In the past, Japanese women used to sacrifice for families and obey their husbands without any complain as it was obvious or simply because they had no other choice in the male dominant society. Nowadays they decide to divorce if they are not satisfied with families and their husbands. According to the Ministry of Health, Labour and Welfare in Japan (cited in Lee, Tufis and Alwin, 2010), women who reached adulthood in 21st century encountered the risk of divorce four times greater than women reaching adulthood in immediate postwar period. One reason for that change could be the new divorce law in April 2007 which stated that “housewives can obtain up to half their husbands’ pensions in a divorce settlement” (Hongo, 2006). Kuwahara (cited in Hongo, 2006) pointed out that financial difficulties have long been the major impediment for Japanese women to divorce. Thus with the new law, they would be more resolute with decisions of ending up unhappy marriage.

The talk show also discussed about the trend of delaying marriage of young Japanese women. Marriage is no longer an obligation of women to obtain financial security. Instead, young Japanese women are more economic independence and they delay marriage to concentrate on careers, with a quarter of Japanese women in early thirty unmarried (Everywoman, 2007). Interestingly, Everywoman also mentioned about the appearance of Host Clubs, where young Japanese women with high salaries come for entertaining with “young and attractive men”. The price for an evening at Host Clubs is around USD2000, half of average monthly salary in Japan, Everywoman recorded. Tsukasa Umeda, an interviewed customer, said Host Club is a Disney Land for adults, where people treat her like a princess and make her feel good. She said her life is work-oriented so she does not have opportunities to meet new guys. Sumiko Iwao (Japanese Activist & Academic), one invited guest in the talk show, said this new trend is because young women like Tsukasa fear of being committed to a close relationship.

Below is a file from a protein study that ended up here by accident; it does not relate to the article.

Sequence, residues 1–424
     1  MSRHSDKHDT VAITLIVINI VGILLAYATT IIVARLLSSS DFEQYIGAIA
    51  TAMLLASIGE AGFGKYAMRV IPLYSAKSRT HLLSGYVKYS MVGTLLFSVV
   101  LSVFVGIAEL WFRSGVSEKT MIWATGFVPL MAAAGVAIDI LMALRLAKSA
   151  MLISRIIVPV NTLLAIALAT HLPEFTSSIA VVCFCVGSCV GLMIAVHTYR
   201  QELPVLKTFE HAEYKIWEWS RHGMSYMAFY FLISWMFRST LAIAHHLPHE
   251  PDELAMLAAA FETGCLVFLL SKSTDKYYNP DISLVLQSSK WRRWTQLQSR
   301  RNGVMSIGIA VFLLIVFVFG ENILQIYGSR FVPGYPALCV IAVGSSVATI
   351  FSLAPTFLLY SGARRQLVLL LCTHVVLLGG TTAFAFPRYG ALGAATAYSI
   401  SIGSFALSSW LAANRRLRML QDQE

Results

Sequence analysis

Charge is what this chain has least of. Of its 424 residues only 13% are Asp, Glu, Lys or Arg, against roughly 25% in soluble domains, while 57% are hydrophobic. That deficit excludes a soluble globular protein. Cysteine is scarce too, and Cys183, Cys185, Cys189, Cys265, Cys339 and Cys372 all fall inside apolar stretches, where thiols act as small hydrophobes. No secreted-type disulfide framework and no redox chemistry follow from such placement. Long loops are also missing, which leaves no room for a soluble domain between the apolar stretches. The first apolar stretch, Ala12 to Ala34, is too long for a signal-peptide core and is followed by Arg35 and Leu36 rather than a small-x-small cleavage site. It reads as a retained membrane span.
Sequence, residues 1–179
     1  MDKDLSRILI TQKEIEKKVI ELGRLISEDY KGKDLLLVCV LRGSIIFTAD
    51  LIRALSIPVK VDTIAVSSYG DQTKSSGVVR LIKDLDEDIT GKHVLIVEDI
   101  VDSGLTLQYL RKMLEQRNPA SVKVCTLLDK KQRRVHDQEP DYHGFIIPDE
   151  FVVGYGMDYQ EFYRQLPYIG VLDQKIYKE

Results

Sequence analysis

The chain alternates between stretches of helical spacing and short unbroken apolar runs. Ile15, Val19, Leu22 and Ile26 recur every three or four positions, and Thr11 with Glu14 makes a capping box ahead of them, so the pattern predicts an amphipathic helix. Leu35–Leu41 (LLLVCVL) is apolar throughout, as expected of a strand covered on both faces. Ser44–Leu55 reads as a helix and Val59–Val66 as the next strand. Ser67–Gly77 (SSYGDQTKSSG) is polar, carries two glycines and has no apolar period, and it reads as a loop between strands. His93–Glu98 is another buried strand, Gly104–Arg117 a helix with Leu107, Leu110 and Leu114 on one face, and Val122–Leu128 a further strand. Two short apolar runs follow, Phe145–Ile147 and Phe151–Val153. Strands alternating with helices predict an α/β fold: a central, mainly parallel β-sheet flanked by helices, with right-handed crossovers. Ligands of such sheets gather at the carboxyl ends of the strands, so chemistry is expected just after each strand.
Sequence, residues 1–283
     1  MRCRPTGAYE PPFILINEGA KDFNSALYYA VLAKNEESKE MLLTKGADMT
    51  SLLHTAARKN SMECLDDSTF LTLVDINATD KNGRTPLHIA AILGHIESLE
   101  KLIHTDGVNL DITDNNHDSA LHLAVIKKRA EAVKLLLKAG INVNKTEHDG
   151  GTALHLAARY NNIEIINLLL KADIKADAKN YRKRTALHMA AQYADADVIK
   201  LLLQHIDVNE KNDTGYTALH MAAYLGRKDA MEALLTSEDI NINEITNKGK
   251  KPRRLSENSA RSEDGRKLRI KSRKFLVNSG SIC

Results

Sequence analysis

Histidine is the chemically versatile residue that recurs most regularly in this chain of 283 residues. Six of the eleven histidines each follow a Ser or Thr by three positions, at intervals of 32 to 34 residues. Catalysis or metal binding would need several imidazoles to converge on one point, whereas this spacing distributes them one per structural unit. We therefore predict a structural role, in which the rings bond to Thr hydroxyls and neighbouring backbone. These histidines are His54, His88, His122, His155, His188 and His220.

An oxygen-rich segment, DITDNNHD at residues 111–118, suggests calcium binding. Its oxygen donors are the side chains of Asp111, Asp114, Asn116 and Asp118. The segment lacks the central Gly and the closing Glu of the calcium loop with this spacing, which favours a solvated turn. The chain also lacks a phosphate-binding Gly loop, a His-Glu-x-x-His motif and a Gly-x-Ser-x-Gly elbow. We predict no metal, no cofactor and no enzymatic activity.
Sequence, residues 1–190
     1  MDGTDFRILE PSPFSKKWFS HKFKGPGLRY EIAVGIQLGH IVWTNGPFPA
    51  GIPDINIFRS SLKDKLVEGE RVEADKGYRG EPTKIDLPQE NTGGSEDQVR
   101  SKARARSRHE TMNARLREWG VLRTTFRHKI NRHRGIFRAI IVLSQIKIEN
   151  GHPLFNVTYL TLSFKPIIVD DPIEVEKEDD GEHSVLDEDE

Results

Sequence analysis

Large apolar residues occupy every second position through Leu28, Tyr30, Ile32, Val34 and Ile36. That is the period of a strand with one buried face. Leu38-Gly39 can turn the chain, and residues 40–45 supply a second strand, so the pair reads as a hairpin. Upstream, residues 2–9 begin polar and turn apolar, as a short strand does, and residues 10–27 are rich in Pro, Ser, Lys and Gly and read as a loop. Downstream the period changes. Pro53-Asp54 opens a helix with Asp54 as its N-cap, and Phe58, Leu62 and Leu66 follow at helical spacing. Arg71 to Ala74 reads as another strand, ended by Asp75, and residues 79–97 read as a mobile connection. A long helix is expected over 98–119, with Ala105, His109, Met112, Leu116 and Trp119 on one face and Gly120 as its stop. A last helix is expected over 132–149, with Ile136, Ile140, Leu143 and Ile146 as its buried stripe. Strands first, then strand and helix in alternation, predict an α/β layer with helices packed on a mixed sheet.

Kaori Shoji (Journalist of Japan Times newspaper), another invited guest, explained another reason is that Japanese men are not ready to care about women’s needs or contribute to a relationship as they did not have to fall in love before with traditional arranged marriage. In addition, according to Lee, Tufis and Alwin (2010), modern Japanese women would rather choose to postpone marriage than marry a man with conservative beliefs of gender. Everywoman program pointed out parts of the changing roles of Japanese women by new trends in marriage and divorce. These new trends contrast with the traditional image of Japanese women and to some extent demonstrated their revolution in the society.

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The Changes That the Japanese Family Faced During the History. (2022, May 15). Retrieved from